While other times, Sabitzer was the most advanced Austrian player on the pitch, with the other two forwards sitting deeper, as we see in figure 14. However, what generally remained consistent was that Sabitzer would stick to North Macedonia’s central centre-back very tightly regardless of his position as the southeastern European side built out from the back, while the other two forwards would retain access to the wide centre-backs and try to stay in a pretty tight triangle shape with Sabitzer, keeping either the central centre-back (see figure 13) or the holding midfielder (see figure 14) in the centre of that triangle, which was a pressing trap.
North Macedonia often tried to play out short from the back, through the holding midfielder similar to Austria, and the Austrian attackers pressed these players quickly and aggressively while creating dangerous pressing traps as we see in figure 14 to punish them when they played into this area in the centre of the triangle. As play moved on after figure 14, the triangle closed in on North Macedonia’s holding midfielder and Austria forced a turnover in a dangerous area of the pitch.
One positive way in which North Macedonia dealt with Austria’s change in shape during the high pressing phase is that this created more space between Austria’s midfield and defensive lines, as a result of the holding midfielder advancing into central midfield. Like we see in figure 15, North Macedonia effectively exploited that space throughout this game with direct balls into the forwards, who would drop to exploit the space between the lines.
We see Pandev doing so here in figure 15 while dragging Alaba out from the backline, and as this particular passage of play moves on Pandev controls the ball very well before playing a teammate behind Austria’s backline.
North Macedonia reacted very well to Austria’s change in shape and exploited this space frequently both during regular attacks and counter-attacks throughout the contest. Austria counter-pressed frequently and this space was often more open when they did so, allowing North Macedonia to capitalise and start dangerous counters.
Trajkovski and particularly Pandev’s intelligent movement into this area was key in helping North Macedonia to enjoy those counterattacking opportunities, while counter-attacks were a major part of North Macedonia’s offensive efforts versus Austria, as they enjoyed 17% efficiency from counter-attacks compared to just 7% efficiency from positional attacks. So, it’s clear that their reaction to Austria’s change in shape was undoubtedly positive in some ways.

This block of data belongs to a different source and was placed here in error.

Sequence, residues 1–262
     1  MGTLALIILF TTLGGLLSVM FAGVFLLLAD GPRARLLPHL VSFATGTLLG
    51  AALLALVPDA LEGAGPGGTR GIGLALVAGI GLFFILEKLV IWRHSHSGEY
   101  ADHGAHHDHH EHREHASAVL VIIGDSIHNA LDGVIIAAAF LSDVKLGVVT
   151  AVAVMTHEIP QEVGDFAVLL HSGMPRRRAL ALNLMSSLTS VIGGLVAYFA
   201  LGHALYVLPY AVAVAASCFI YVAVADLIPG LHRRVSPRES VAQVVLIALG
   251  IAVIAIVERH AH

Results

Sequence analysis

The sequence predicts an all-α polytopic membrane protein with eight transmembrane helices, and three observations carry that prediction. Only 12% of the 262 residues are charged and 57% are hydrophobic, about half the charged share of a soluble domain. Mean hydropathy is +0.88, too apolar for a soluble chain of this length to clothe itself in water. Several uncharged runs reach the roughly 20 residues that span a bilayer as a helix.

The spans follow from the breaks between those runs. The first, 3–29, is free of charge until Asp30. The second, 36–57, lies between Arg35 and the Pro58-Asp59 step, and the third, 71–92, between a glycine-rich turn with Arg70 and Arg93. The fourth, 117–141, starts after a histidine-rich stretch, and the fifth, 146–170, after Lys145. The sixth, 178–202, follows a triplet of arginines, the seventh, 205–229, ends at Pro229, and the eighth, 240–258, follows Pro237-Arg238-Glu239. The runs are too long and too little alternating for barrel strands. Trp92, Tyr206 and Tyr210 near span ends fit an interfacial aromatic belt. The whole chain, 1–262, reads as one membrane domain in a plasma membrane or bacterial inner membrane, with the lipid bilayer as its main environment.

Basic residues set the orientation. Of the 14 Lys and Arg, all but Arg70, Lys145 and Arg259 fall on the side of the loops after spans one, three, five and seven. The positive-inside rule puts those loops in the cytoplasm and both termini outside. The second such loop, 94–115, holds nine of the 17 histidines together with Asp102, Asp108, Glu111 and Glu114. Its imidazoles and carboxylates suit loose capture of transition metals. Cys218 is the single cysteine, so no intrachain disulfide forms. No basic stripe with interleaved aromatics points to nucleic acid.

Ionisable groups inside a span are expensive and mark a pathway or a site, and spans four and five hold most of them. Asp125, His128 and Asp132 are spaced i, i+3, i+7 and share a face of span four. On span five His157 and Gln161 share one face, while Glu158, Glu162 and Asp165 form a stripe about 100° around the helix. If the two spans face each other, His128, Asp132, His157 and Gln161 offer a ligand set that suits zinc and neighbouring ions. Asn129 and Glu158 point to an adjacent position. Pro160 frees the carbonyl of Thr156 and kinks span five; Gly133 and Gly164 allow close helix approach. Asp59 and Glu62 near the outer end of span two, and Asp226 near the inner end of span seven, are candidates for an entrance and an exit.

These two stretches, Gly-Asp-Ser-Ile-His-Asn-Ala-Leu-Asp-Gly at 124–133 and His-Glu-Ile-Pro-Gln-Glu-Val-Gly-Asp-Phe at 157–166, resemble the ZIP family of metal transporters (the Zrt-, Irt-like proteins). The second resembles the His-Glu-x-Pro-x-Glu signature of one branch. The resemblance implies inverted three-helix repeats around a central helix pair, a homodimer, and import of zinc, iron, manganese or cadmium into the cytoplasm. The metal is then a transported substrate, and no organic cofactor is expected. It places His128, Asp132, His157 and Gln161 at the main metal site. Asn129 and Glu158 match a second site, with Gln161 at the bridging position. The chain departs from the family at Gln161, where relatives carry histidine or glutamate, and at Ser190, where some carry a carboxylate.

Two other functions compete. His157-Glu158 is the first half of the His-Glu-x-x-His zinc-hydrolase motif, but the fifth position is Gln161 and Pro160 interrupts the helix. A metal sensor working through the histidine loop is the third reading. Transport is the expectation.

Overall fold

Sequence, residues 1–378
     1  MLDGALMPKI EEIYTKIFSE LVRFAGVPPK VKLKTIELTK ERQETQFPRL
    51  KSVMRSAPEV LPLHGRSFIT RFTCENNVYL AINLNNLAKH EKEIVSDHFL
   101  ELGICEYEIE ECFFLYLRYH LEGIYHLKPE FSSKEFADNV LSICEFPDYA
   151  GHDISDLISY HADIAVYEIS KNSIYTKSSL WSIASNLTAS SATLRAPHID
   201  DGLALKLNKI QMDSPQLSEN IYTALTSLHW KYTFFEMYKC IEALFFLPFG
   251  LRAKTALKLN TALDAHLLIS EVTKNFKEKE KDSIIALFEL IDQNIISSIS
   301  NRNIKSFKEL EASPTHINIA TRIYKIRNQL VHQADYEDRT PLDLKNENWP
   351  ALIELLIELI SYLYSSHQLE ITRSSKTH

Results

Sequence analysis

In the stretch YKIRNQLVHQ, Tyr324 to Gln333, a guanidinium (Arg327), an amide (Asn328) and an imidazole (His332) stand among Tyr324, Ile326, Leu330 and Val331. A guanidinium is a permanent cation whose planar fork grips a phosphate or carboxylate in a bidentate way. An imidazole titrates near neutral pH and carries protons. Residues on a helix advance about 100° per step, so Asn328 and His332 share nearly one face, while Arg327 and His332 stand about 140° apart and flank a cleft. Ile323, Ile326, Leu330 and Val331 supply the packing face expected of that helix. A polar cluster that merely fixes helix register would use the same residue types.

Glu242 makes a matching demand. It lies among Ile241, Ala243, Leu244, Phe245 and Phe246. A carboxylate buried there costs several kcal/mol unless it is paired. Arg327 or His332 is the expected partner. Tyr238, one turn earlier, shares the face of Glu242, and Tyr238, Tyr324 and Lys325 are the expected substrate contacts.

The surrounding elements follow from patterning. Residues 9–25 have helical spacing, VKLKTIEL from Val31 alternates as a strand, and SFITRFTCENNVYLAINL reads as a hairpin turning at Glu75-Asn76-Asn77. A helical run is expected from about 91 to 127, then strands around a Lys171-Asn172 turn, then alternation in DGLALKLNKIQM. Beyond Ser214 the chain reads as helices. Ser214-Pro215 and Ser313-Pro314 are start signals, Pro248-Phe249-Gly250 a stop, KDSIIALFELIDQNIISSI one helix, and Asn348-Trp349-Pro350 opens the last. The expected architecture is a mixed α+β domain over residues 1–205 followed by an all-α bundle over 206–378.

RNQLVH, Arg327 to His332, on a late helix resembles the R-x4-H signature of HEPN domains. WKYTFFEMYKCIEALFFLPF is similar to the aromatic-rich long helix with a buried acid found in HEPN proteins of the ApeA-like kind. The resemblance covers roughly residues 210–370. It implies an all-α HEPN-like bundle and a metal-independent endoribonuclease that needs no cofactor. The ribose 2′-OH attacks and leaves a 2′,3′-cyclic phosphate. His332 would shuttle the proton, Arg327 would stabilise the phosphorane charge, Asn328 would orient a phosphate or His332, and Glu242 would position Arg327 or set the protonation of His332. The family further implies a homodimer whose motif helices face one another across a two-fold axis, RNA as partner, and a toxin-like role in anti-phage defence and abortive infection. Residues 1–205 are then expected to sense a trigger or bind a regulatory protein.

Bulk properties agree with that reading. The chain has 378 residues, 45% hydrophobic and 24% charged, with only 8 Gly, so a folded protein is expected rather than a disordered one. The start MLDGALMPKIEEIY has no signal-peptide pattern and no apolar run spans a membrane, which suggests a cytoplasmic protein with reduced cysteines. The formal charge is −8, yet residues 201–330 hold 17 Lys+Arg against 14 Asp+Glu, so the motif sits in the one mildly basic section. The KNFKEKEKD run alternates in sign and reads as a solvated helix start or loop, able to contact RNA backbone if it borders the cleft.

In figure 16, we see another example of how Austria’s aggressive pressing also had plenty of benefits though, particularly thanks to Sabitzer’s contribution. Just before this image, North Macedonia’s centre-backs were pressed aggressively by Austria’s forwards as they attempted to play out from the back. The forwards ultimately forced a risky pass across the centre of the pitch to another centre-back, and Sabitzer was ready to pounce on that ball. As play moved on here, Sabitzer made the recovery and set his side off on a dangerous counter-attack, again highlighting his key role for Austria in the high pressing phase.
To conclude this tactical analysis of Austria’s 3-1 win over North Macedonia, we can see how Sabitzer played a pivotal role in the ball progression, chance creation, transition to attack, and high pressing phases for Das Team to help them secure their opening-game win versus Group C opponents North Macedonia at the weekend.
Austria created far more chances than they otherwise would have on Sunday thanks to Sabitzer’s mix of intelligent movement, relentless pressing, and technical quality. This was key to breaking down North Macedonia’s disciplined, compact block time and again throughout the game and securing all three points for Foda’s side.